By Nicole Darrah, ,
Published September 10, 2018
South Carolina residents have been ordered to evacuate from the coast as the state prepares for Hurricane Florence to make landfall later this week.
Gov. Henry McMaster on Monday mandated that, beginning Tuesday, eight counties along the coast — Horry, Georgetown, Charleston, Dorchester, Berkeley, Colleton, Beaufort and Jasper — evacuate by no later than noon.
An estimated 1 million people are expected to evacuate South Carolina's coast.
President Trump tweeted, "My people just informed me that this is one of the worst storms to hit the East Coast in many years. Also, looking like a direct hit on North Carolina, South Carolina and Virginia. Please be prepared, be careful and be SAFE!"
The president added he's spoken to McMaster, North Carolina Gov. Roy Cooper and Virginia Gov. Ralph Northam — all of whom have declared state of emergencies for their respective states -- ahead of the storm.
"Federal Government stands by, ready to assist 24/7," Trump wrote.
South Carolina's Department of Public Safety said they're "planning for a large-scale evacuation" as Florence, currently sustaining 140 mph winds as a Category 4 hurricane, is forecast to make landfall on the Carolina coast late Thursday.
The National Hurricane Center said during an earlier advisory on Monday that Florence has quickly intensified and could be potentially catastrophic.
The storm, as of the Miami-based center's 5 p.m. advisory, is about 525 miles south-southeast of Bermuda and about 1,170 miles east-southeast of Cape Fear, North Carolina.
McMaster on Saturday declared a state of emergency ahead of the storm, and requested a federal declaration from Trump, which Trump approved late Monday.
North Carolina Gov. Roy Cooper — who issued a state of emergency last week — said Monday that the state is in the "bull's-eye" of the storm, and also requested a federal disaster declaration from Trump for resources to be prepared when Florence hits.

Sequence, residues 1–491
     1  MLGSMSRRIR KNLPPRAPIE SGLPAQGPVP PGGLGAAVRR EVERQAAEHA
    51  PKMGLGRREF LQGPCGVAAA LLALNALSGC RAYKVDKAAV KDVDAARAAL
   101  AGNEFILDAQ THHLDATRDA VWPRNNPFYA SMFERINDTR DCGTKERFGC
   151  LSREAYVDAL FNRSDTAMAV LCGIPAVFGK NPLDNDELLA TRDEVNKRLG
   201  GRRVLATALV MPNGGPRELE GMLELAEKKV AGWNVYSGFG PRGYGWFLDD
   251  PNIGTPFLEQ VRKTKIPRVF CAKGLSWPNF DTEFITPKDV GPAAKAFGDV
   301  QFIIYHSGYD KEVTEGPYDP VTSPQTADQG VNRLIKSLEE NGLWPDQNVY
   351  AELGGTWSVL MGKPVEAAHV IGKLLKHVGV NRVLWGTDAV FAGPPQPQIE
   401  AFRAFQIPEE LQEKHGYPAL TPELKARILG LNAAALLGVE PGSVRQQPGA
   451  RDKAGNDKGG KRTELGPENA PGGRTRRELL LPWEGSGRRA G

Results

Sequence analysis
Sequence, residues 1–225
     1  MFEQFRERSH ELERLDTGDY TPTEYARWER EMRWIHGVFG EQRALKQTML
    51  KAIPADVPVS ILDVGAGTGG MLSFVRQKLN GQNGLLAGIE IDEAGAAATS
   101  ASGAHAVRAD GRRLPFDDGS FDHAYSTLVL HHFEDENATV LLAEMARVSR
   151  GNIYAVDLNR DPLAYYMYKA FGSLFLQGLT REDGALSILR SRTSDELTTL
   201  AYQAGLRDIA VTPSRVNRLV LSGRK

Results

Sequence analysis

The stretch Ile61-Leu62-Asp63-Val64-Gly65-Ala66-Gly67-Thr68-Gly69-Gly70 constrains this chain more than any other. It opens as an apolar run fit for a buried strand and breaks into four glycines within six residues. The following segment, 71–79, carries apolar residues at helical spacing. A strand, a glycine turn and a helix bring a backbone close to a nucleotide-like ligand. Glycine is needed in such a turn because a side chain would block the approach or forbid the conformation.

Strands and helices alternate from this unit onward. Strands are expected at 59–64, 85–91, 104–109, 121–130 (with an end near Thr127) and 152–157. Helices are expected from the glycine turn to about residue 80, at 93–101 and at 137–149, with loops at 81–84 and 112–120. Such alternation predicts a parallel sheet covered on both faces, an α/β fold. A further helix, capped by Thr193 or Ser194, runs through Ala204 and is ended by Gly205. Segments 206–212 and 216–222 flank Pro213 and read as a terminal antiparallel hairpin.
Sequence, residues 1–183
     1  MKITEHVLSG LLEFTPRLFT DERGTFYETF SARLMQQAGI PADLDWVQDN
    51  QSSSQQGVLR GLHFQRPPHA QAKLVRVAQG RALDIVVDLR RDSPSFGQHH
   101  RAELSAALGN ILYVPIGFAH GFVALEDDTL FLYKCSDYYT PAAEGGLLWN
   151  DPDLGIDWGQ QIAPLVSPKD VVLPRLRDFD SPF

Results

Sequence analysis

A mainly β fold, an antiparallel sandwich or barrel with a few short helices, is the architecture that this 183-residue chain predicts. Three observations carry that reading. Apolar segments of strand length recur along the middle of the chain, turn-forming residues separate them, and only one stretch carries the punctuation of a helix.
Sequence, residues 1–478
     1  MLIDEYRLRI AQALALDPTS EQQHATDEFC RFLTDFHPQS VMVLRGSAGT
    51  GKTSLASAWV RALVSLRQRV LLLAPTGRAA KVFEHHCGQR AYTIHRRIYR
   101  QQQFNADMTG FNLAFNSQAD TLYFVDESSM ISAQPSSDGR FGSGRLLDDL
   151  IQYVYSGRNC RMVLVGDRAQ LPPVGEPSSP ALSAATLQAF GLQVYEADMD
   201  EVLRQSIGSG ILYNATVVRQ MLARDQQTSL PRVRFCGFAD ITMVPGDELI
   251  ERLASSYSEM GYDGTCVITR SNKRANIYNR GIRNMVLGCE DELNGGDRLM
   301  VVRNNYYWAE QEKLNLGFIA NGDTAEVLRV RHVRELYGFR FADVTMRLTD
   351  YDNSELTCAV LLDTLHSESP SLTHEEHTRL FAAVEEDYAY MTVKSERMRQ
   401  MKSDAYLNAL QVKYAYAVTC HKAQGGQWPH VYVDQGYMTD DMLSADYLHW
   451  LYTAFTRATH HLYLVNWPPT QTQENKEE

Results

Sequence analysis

"The storm is still far away from the U.S. coast, but warm ocean waters will allow it to maintain its Category 4 strength, and winds are likely to climb to 150 mph."
Visitors and residents on Hatteras Island were ordered to evacuate, effective at noon on Monday. Officials in Dare County ordered a mandatory evacuation for people in other areas as of 7 a.m. Tuesday.
In the past 150 years, North Carolina has only been hit by one Category 4 hurricane — Hazel, which struck the state with 130 mph winds in 1954.
Hours after the mayor of Richmond, Virginia, declared a state of emergency on Monday ahead of potential "signficant rain and inland flooding later this week," Virginia Gov. Ralph Northam ordered evacuations for "the lowest-lying areas of Coastal Virginia and the Eastern Shore," effective at 8 a.m. on Tuesday.
Maryland Gov. Larry Hogan also declared a state of emergency, as officials "are preparing for any possible outcome, including the potential of historic, catastrophic, and life-threatening flooding in Maryland."
Fox News Meteorologist Adam Klotz said that while Florence "is still far away from the U.S. coast, warm ocean waters will allow it to maintain its Category 4 strength, and winds are likely to climb to 150 mph."
The "main threats" the storm poses include "dangerous storm surge, strong winds, and possible flooding."
Meanwhile, two other storms were also spinning in the Atlantic by noon on Monday.
Hurricane Isaac was expected to lose strength as it reaches the Caribbean, and Helene, much farther out to sea, may veer northward into the open ocean as the 2018 hurricane season reaches its peak.
The Associated Press contributed to this report.